If that sounds like a lot of effort, guess what? The copyright holder went through a lot of effort to create that article in the first place, and you’re going through a lot LESS effort to get it. You know you’re going through a lot less effort, because if you weren’t, you’d simply write something original yourself and put THAT up on your site, now wouldn’t you?

Besides, do you know what happens when you republish something? You’re competing in the search engines with the original item. Most web surfers find content online by searching for it. The search engines can tell the original from the republished item by checking a number of “hints;” judging by our SEO Chat forum comments over the years, they’re not perfect, but they’ve been getting better at it. Now these search engines assume that searchers want to see the original item, so they’ll rank that higher than republished items. So all that new traffic you may have been hoping to attract with an awesome piece of content you’re republishing? Yeah, that will end up at the site with the original item, not at yours with the republication.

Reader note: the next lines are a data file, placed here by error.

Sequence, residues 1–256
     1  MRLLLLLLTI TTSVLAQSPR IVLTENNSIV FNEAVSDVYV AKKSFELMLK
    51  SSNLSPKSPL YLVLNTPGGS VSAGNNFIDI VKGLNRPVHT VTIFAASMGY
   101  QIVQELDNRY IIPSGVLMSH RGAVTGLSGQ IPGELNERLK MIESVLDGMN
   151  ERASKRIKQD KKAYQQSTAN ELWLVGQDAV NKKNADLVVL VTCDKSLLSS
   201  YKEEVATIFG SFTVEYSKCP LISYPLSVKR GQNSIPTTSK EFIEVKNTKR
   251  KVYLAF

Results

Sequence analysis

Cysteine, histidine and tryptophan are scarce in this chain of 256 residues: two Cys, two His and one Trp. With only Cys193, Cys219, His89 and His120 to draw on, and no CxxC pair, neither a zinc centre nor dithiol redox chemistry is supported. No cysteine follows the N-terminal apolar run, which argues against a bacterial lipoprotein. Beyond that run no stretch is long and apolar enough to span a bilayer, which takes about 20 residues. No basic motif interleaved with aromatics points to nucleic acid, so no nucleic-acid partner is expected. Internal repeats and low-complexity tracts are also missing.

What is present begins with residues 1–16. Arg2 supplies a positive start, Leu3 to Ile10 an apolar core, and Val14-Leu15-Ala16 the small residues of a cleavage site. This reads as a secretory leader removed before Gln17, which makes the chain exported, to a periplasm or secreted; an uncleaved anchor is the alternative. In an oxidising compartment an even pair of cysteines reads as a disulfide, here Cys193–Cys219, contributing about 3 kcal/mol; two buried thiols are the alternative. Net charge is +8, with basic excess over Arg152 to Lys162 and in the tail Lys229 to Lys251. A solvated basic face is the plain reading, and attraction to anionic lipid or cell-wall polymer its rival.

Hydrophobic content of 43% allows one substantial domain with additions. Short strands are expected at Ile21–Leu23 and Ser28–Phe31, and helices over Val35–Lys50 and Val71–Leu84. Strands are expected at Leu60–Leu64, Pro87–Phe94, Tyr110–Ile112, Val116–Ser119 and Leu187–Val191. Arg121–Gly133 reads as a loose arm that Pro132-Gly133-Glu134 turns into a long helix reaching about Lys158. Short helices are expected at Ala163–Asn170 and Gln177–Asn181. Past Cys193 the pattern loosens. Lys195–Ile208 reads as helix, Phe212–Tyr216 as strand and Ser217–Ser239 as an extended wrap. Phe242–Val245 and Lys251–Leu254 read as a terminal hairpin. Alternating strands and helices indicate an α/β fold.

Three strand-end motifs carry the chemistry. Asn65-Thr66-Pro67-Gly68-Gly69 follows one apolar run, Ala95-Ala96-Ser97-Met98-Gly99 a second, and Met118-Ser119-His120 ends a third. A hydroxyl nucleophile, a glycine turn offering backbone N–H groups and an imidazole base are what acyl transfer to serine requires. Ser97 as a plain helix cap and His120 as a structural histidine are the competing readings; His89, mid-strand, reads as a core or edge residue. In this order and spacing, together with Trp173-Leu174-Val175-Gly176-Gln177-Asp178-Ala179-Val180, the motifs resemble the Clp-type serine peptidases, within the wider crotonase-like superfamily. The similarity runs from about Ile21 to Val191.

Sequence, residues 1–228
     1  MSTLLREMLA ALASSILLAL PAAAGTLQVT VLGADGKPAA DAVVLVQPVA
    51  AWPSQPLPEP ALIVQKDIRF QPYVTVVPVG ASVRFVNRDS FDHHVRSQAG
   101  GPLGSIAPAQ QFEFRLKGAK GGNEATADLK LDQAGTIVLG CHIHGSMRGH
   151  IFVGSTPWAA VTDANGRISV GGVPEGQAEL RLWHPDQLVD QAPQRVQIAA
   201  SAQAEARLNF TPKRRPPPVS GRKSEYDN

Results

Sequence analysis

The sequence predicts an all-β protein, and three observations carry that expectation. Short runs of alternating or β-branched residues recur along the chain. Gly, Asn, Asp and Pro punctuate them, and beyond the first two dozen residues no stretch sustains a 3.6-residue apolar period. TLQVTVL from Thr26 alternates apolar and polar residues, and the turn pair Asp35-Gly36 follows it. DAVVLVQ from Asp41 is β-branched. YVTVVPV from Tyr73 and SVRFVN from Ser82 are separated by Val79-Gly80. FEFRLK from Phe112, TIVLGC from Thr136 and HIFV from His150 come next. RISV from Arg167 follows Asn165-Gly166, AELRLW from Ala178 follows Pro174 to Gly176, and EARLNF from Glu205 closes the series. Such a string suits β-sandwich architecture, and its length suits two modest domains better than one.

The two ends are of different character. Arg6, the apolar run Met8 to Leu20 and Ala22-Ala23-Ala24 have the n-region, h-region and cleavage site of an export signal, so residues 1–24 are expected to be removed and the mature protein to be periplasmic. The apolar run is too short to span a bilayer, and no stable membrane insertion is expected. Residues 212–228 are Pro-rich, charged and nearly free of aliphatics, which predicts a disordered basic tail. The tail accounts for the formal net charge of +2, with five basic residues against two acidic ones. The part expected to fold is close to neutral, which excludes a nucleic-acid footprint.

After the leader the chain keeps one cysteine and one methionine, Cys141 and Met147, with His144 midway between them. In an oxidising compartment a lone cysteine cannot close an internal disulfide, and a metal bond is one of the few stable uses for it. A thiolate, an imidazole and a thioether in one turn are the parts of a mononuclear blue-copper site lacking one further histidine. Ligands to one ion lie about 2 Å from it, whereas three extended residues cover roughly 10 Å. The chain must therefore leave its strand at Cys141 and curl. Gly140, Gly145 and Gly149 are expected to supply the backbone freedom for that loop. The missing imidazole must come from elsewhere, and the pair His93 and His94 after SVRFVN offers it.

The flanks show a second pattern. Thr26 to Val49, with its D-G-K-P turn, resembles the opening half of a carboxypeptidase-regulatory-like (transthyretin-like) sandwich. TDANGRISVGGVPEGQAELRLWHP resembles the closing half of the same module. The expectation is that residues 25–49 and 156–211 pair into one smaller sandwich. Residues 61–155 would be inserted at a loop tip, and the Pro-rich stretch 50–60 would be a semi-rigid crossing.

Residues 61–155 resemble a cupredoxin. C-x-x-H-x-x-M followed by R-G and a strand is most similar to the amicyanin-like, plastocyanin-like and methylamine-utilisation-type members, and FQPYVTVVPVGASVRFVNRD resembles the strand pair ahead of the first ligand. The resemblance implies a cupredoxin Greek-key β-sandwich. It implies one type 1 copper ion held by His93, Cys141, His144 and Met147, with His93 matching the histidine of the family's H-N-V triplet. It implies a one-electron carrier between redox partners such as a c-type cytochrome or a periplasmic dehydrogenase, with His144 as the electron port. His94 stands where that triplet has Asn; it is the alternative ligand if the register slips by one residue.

So if you’re going to republish something, make sure it’ll be of benefit to your regular readers, who will certainly see it. This point brings up a side issue, though: your regular readers may be used to a certain “voice” from your blog. Part of the point of writing a blog in the first place is to establish not just your expertise, but yourself as a personality with which your audience wants to engage. It’s another form of branding, in a sense. And if you’re republishing someone else’s work, well, they don’t have your voice or your personality. So the content may be useful, but in at least in this one sense, republishing it is  counterproductive.